Learning to climb has a different connotation for children than it does for teenagers or adults. It is commonly known that climbing helps children develop. Kids who climb are more creative problem solvers, have better spatial awareness, coordination, strength, endurance, and flexibility. They are also less stressed, more confident, and more cooperative with others.
Of course, that is thinking about the situation from the viewpoint of an adult.
“Kids don’t care that memorizing and recognizing patterns, which are important life skills, are taught to them by following a specific order of holds. They do it because they enjoy it.”
They engage in it because they enjoy it and want to have fun. And where else except a climbing gym could you find a bigger playground?
“Play is vital to development because it enhances children’s and adolescents’ cognitive, physical, social, and emotional health. Play also provides a fantastic opportunity for parents to interact completely with their kids, according to Dr. Kenneth R. Ginsburg in a piece for the American Academy of Pediatrics.
Dr. Ginsburg continues by saying that although they must carefully balance being a part of the game and taking control of it, adults can engage in play and even contribute to its positive effects.
“Adults should participate in play to a large extent in the ideal world, but when play is governed by adults, children submit to adult concerns and regulations and lose some of the advantages play provides, particularly in terms of developing creativity, leadership, and teamwork abilities.”, Professor Ken Ginsburg.
This led me to wondering: as professionals in the climbing industry, what tactics can we use to foster a love of climbing in children while still enabling them to reap the rewards and experience the intended growth from their playtime?
How children can learn new skills from climbing games
When teaching youngsters how to climb, having fun is more important than teaching them the traditional protocol of getting to the top, whether bouldering, top roping, or climbing on an automatic belay.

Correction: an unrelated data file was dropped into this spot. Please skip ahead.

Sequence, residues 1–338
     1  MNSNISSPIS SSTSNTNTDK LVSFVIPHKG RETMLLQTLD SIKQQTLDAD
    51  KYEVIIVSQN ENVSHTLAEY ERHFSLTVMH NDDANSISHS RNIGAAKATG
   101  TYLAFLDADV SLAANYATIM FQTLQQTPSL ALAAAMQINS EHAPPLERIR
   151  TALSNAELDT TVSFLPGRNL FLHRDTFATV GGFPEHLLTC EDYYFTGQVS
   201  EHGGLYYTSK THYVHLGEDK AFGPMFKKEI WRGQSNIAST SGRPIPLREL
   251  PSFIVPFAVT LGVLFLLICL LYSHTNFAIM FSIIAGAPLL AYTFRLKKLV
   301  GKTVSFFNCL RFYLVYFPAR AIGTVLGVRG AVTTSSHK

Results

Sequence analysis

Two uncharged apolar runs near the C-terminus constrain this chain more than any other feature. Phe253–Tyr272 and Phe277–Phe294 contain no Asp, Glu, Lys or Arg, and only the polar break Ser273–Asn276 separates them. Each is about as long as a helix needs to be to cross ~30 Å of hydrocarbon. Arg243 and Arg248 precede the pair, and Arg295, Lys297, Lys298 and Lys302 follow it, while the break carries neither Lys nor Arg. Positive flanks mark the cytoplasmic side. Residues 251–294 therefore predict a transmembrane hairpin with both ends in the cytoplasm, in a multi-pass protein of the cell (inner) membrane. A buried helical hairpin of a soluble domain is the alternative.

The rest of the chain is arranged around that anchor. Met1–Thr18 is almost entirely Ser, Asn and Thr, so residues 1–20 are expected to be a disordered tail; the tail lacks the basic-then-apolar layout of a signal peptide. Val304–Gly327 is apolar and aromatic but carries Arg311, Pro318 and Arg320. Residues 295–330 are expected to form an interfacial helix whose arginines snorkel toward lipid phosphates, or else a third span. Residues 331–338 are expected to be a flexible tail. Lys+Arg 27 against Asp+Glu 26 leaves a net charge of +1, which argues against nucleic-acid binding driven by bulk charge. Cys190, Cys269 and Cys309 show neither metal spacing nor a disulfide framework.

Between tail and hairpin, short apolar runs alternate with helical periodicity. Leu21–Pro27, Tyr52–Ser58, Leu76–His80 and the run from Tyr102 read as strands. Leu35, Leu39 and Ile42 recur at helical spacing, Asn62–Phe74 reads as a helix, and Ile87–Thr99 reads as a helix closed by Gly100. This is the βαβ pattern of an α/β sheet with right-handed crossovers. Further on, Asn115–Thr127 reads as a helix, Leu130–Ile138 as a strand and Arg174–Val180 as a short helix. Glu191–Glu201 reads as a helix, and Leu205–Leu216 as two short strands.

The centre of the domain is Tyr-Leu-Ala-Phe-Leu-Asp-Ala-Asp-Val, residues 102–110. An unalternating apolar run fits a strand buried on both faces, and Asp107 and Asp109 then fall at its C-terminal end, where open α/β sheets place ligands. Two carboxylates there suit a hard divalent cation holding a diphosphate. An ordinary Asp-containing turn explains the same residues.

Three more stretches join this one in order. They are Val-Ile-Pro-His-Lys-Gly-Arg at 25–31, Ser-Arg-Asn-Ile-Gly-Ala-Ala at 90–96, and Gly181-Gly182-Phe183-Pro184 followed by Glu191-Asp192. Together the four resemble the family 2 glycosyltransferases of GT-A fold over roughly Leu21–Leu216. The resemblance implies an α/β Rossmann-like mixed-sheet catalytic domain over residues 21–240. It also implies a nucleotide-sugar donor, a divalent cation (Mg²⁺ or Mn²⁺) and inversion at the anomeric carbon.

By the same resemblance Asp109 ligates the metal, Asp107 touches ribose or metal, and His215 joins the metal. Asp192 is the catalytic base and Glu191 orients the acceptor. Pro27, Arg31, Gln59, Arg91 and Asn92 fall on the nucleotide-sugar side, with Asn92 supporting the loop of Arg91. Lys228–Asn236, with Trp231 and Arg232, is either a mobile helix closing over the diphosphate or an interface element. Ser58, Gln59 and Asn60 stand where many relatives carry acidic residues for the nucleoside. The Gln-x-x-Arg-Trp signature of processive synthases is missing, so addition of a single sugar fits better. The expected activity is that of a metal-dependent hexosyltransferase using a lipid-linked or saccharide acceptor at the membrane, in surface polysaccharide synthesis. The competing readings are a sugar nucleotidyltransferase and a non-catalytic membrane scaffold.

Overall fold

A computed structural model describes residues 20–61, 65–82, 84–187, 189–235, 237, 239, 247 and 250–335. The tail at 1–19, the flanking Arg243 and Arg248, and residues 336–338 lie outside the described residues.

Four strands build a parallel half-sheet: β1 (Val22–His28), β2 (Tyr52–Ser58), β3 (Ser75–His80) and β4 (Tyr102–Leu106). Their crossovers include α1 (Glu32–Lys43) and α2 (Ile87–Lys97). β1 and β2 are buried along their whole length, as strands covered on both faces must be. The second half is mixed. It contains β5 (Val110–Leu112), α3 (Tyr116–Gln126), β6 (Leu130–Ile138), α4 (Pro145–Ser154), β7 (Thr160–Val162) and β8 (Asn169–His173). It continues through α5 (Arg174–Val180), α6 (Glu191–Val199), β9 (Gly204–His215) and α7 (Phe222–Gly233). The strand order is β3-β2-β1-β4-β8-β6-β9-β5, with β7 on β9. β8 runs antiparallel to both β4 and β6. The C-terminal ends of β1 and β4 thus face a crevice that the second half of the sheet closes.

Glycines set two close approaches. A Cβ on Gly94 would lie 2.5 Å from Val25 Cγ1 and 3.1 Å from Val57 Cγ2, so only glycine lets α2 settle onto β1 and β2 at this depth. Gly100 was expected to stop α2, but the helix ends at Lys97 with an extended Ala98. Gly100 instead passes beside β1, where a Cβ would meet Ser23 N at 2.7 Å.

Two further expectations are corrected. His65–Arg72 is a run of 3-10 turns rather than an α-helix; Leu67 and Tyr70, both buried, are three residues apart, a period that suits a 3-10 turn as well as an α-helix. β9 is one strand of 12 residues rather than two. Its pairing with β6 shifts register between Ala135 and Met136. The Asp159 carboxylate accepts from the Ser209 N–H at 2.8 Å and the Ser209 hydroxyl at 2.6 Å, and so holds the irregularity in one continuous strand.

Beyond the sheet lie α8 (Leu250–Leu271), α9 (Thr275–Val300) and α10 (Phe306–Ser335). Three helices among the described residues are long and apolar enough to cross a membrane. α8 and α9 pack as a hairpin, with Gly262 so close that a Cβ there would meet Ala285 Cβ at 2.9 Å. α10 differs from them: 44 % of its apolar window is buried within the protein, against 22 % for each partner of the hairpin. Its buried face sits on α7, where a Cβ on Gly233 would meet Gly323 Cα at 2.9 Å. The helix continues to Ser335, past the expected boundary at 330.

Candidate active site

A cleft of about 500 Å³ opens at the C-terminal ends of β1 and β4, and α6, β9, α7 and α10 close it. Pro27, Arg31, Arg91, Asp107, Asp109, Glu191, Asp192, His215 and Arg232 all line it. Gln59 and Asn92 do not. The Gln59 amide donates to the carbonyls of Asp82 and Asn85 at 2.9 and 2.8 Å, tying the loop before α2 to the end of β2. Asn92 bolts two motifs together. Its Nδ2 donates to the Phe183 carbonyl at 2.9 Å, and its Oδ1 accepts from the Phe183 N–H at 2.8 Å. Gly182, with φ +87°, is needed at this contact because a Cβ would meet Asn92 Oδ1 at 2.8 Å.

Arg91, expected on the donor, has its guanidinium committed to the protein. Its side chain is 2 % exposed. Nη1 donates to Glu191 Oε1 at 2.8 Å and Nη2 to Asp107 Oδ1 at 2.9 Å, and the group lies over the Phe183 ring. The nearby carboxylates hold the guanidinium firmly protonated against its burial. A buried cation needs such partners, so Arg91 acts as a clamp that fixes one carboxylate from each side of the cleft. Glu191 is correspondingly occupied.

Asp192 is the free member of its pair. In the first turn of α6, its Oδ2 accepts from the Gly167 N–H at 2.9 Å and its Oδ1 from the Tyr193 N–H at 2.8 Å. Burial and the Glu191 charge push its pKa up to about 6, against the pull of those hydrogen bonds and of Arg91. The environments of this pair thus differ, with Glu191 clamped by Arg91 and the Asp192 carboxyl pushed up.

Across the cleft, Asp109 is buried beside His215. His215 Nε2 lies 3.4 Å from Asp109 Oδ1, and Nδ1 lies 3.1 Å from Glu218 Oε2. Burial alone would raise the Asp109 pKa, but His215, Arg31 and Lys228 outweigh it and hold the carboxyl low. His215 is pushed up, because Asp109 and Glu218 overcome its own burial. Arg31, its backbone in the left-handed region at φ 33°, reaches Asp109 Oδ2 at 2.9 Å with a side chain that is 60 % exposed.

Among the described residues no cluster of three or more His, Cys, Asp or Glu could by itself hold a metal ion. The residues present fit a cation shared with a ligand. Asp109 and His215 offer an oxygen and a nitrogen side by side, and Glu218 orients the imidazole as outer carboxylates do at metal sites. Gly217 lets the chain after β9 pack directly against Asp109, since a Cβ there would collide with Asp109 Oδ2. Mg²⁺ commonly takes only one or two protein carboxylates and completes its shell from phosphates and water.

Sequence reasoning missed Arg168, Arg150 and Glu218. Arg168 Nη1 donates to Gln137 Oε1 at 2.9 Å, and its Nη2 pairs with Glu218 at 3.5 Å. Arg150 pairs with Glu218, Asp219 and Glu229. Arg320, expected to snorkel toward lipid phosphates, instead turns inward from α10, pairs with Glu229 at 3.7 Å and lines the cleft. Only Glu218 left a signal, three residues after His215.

The improper introduction to climbing can result in a lifetime dislike of the sport, but positive coaching can foster a lifetime passion, because young children are at such a vital stage in their mental development.
Parent and climbing instructor Ari Schneider claims as much in his excellent piece Coaching Kids – 7 Ways 7 Year Olds Learn to Climb.
One of the most important lessons to be learned from Schneider’s work is how crucial it is to approach climbing instruction by emphasizing pleasure and enjoyment. The main goal is to have fun—more important than reaching the summit, following a set path, or even perfecting precise form. Teaching children to climb still has all of those other amazing advantages, but they happen incidentally. The most important thing is to simply go climbing.
Focusing on the enjoyable aspects of climbing provides children with all the health advantages that parents desire in a way that motivates children to ask for more, much like stuffing celery sticks with peanut butter or sneaking bits of broccoli into mac and cheese.
Confidence-building bouldering games
The bouldering area is an excellent place for kids to learn how to play well-known climbing games like Add-On or Simon Says since they are free to move around and wander off route with little repercussion (basically just the regular game, but on a climbing wall).
For any children who might be wary of rising too high off the ground, traversing is a great warm-up exercise or a wonderful place to begin. Additionally, having a substantially cushioned floor beneath you is always a good idea, as anyone who has spent any amount of time around young children can also confirm.
Permitting parents to play
Auto belays can provide a fun opportunity for parents to play together with their children on the high walls. The ability for parents to climb alongside their children is one of the best things about auto belays, as Chris Sharma himself pointed out to us.
Sharma stated of being able to climb with his daughter, “I can literally be right next to her.” “That truly opens up new possibilities for new encounters,” one person said.
John Hur, the general manager of Macon Rocks in Georgia, described a comparable incident at his own site in an interview with the CWA.
Hur stated that auto belays were used to construct half of the wall terrain. “This makes it possible for families who are new to the activity to climb side by side. So it’s not unusual to see a child between the ages of five and seven climbing alongside his parent in the lane across. Therefore, it merely paves the way for the beginning of a very intimate experience with families and others.
Viewpoint from a parent on the TRUBLUE IQ+
By making a few small tweaks, gym owners and route planners can help to facilitate this activity:
- Make a space in the gym designated just for auto belays. The additional benefit of being conveniently supervised by a staff member for any safety concerns is another advantage of having a separate auto belay location. If there isn’t enough room for a whole section, place your current auto belays close enough to one another so that climbers can ascend together.
- A few short-reach routes should be placed beneath the auto belays. Kids can climb very well. Unfortunately, they give up arm length to make up for their superior strength-to-weight ratio.
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